The Spectacular, Rip-Roaring Waves of Lake Erie’s ‘November Witch’
A November witch is, as the name suggests, not something to trifle with. The colorful name refers to the particularly nasty storms that pummel the Great Lakes around this time of year. Most people wisely choose to stay inside, protected from the 30-mph winds whipped by storms so brutal they can make rivers flow backward. But Dave Sandford rushes headlong into the storm with his camera.
Some might call him crazy, but he can’t help himself. “I’ve always loved being by the water,” he says. “Ever since I was a little kid, I had a fascination with big bodies of water and waves. I loved the power and the energy that they have.”
Sandford captures that power perfectly in his series Liquid Mountains, which he shot during four weeks on the shores of Port Stanley, Ontario. The town sits on the north shore of Lake Erie about 160 miles east of Buffalo, New York, and sees its share of November witches. The storms arise when cold, low-pressure air from northern Canada mixes with warm, high-pressure air from the Gulf of Mexico. They can be merciless systems; one such storm sank the Edmund Fitzgerald freighter 40 years ago. Although he respects the power of these storms, Sandford isn’t afraid of them. The worse things get, the more compelled he is to be outside. “People like their nice, sunny blue skies and calm days,” he says. “I’m looking for the opposite.”
To get his incredible images, Sandford heads out before sunrise and spends the day on the lake. He’ll occasionally keep an an eye on the forecasts to get a sense for when the wind will be most intense. The water is choppy and the surf pounding, and Sandford says he’s seen waves reaching 25 feet, all of which makes drowning an occupational hazard. He wades out into the surf, a wetsuit and lifejacket protecting him and a waterproof housing protecting his camera.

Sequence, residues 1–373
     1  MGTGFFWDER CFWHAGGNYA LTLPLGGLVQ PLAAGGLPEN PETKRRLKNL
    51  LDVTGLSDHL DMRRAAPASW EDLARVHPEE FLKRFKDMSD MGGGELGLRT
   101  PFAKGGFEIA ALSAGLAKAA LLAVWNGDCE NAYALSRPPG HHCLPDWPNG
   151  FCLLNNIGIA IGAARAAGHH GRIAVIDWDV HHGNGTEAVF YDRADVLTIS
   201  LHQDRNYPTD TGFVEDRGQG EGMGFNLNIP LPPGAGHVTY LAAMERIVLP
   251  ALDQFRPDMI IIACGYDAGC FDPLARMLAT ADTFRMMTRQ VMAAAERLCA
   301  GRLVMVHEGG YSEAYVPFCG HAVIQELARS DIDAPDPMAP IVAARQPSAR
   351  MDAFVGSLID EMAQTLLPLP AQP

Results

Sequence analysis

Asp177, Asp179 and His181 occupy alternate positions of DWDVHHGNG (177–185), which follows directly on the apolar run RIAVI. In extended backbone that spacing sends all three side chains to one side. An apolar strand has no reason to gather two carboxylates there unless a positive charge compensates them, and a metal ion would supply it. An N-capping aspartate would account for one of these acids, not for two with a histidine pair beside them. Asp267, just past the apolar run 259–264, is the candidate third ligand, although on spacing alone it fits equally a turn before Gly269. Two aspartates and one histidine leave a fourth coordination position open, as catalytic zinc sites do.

Sanford out with his gear.
When the waves get to be too much, Sandford trades the wetsuit for snowboarding gear and relocates to a camping stool on shore. Though decked out from head to toe in storm-worthy gear, he’s gotta keep his face exposed to peer through the viewfinder. Sand often whips across his face and into his eyes. “It’s like literally getting sand blasted while you’re sitting there,” he says.
Sandford first photographed waves from the water while vacationing in Australia last February, and can follow the line of an ocean swell to predict where the next wave will break. Lake Erie posed a different set of challenges. Lakes are more erratic, with waves building and breaking rapidly. If you see something happening and aren’t already pressing the shutter, the moment is gone. “It’s learning how to read the water combined with a little bit of luck,” Sandford says.
Eighteen years as a sports photographer provided a solid baseline for capturing just the right moment. “You don’t get do overs with sports, and you don’t get do overs with waves either,” he says. “It happens once and it’s done.”
Sandford plans to continue shooting Lake Erie, and hopes to move on to other Great Lakes next year. You might think one wave is like any other. Not so. “I just find them beautiful, and no two waves are ever the same,” Sandford says. “I like that challenge of getting the perfect moment.”